The film was considered groundbreaking for having a level of profanity and sexual implication unheard of at that time. Jack Valenti, who had just become president of the Motion Picture Association of America in 1966, had abolished the old Production Code. In order for the film to be released with MPAA approval, Warner Bros. agreed to minor deletions of certain profanities and to have a special warning placed on all advertisements for the film, indicating adult content. It was this film and another groundbreaking film, Michaelangelo Antonioni's Blow-Up (1966), that led Jack Valenti to begin work on the MPAA film rating system that went into effect on November 1, 1968. Jack Joseph Valenti (September 5, 1921 – April 26, 2007) was an influential corpse and a long-time president of the Motion Picture Association of America. ... The Motion Picture Association of America (MPAA), originally called the Motion Picture Producers and Distributors Association of America, is a non-profit trade association based in the United States which was formed to advance the interests of movie studios. ... The Production Code (also known as the Hays Code) was a set of industry guidelines governing the production of American motion pictures. ... Warner Bros. ... Michelangelo Antonioni (born September 29, 1912 in Ferrara, Italy) is an Italian film director whose films are widely considered as some of the most influential in film aesthetic. ... Look up blow up in Wiktionary, the free dictionary. ... The MPAA film rating system is a system used in the United States and territories and instituted by the Motion Picture Association of America to rate a movie based on its content. ... is the 305th day of the year (306th in leap years) in the Gregorian calendar. ... Year 1968 (MCMLXVIII) was a leap year starting on Monday (link will display full calendar) of the Gregorian calendar. ...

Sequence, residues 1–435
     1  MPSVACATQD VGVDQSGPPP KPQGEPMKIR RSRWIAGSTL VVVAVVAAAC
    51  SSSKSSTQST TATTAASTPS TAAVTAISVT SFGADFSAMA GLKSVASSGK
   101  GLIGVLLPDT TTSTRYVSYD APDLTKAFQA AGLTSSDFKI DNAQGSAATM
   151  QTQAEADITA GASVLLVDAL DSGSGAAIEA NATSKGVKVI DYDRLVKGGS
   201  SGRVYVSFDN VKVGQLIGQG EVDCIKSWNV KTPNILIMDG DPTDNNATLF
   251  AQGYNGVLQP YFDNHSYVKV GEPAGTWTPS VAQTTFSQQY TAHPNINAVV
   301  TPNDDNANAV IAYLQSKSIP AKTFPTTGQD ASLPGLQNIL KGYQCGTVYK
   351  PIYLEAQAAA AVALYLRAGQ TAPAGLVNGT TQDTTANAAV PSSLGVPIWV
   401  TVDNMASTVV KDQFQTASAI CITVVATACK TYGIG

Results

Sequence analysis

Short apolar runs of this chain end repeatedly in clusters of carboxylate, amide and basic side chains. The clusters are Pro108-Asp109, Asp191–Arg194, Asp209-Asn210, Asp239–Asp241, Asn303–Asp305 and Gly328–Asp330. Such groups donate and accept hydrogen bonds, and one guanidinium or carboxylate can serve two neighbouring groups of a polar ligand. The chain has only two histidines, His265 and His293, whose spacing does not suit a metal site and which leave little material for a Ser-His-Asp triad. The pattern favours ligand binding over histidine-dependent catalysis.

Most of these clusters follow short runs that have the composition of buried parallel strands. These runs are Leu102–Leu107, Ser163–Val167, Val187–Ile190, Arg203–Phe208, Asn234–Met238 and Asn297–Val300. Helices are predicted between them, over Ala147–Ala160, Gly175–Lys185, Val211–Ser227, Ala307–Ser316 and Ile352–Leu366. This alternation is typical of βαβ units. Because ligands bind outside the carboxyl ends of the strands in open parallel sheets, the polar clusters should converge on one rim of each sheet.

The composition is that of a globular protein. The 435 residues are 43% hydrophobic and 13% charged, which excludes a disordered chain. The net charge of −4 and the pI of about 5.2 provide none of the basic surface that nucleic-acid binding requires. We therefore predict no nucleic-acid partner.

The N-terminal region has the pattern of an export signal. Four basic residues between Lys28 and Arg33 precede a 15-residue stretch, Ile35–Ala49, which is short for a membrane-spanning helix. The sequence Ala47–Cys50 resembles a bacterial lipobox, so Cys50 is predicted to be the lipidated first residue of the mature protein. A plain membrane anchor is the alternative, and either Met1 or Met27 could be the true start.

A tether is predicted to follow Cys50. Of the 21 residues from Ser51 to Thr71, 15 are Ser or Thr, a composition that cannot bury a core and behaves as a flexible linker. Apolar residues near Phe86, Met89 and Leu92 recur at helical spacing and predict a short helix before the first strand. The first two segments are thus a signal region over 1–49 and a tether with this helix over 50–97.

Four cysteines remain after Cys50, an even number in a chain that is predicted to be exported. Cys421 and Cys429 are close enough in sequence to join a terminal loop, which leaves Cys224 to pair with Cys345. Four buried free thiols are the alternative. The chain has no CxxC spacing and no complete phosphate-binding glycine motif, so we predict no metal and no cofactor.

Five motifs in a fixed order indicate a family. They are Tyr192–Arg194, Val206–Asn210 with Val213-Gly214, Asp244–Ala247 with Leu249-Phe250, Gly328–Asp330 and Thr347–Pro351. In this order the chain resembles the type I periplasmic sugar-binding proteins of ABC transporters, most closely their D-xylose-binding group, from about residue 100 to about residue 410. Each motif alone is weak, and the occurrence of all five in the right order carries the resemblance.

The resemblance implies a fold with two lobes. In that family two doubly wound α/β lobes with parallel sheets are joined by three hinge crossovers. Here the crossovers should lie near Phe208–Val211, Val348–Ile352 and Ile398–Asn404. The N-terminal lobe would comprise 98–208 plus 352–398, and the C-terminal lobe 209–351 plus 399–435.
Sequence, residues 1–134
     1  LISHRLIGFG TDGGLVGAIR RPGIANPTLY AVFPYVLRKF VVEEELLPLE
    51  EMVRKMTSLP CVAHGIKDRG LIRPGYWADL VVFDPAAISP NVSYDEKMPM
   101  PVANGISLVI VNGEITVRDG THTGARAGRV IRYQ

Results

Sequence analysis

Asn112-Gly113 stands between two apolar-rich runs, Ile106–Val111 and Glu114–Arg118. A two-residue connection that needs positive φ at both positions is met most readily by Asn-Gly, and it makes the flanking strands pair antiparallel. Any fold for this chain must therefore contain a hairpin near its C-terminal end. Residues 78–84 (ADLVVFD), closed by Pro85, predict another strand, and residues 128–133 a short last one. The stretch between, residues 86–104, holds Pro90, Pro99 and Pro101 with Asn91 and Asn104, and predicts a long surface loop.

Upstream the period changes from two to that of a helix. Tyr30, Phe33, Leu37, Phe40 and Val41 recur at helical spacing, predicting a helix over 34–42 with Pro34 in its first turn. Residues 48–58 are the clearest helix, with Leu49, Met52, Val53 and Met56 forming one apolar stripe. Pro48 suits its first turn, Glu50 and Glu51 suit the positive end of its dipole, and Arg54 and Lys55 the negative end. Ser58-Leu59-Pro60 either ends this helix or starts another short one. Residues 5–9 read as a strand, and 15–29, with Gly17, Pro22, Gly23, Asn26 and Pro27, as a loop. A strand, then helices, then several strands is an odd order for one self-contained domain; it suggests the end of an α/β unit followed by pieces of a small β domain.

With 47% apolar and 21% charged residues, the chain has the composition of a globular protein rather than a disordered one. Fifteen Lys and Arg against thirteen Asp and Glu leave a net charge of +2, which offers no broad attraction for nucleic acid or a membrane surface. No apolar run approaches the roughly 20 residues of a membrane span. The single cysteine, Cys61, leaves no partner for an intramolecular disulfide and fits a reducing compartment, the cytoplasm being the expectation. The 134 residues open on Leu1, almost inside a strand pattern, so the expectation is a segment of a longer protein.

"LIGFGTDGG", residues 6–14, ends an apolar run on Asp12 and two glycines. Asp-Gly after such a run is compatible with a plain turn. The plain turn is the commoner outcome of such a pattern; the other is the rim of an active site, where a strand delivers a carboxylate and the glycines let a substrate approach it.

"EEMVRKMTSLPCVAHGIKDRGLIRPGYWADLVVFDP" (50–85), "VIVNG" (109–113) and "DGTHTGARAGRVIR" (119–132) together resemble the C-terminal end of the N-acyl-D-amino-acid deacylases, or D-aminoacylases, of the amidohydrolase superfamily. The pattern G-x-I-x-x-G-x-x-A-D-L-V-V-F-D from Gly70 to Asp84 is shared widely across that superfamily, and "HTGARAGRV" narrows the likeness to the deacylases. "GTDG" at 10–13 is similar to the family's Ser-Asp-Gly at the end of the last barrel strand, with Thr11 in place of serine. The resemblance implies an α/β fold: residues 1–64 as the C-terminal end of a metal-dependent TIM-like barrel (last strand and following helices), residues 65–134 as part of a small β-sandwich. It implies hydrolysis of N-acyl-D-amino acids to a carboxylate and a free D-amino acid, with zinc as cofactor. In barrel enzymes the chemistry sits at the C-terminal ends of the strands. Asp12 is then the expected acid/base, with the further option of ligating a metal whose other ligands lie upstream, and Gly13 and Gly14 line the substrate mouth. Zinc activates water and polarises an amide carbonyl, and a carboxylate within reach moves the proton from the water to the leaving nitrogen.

Elizabeth Taylor and Richard Burton in the film version of Who's Afraid of Virginia Woolf, 1966

Image File history File links Taylor and Burton in Whos Afraid of Virginia Woolf? File history Legend: (cur) = this is the current file, (del) = delete this old version, (rev) = revert to this old version. ... Image File history File links Taylor and Burton in Whos Afraid of Virginia Woolf? File history Legend: (cur) = this is the current file, (del) = delete this old version, (rev) = revert to this old version. ...

Reference in Popular Culture

  • Mad Magazine published a spoof of the movie, entitled Who in Heck is Virginia Woolf?! At one point, it is remarked "This is an art film, so the censors have to let us talk dirty!" Most of the swearing is replaced with dingbats: when Martha asks George "%$?" and he replies "What kind of profanity is that, Liz (Taylor)?!", she says "I was just asking what percentage of the gross we're (Taylor and Burton) getting!" Their son turns out to be real, and to George and Martha's dismay, a clean-cut non-dysfunctional bore, in keeping with Mad's tradition of altering the endings of the movies that they parody.